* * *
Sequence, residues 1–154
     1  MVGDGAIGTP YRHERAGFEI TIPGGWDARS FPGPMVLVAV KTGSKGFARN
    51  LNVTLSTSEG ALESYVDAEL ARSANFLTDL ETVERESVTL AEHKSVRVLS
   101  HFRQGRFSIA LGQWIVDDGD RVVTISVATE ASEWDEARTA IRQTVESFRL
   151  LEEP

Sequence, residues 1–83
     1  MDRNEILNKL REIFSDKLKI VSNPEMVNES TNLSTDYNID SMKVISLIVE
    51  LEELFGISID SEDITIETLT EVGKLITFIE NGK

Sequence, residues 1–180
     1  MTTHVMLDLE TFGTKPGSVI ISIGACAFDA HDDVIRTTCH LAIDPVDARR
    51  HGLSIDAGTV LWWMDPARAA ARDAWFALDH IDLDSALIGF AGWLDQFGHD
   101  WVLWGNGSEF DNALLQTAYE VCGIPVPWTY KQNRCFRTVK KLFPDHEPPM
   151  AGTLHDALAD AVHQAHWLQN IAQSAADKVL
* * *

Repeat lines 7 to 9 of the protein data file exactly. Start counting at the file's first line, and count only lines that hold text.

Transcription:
     1  MDRNEILNKL REIFSDKLKI VSNPEMVNES TNLSTDYNID SMKVISLIVE
    51  LEELFGISID SEDITIETLT EVGKLITFIE NGK

Sequence, residues 1–180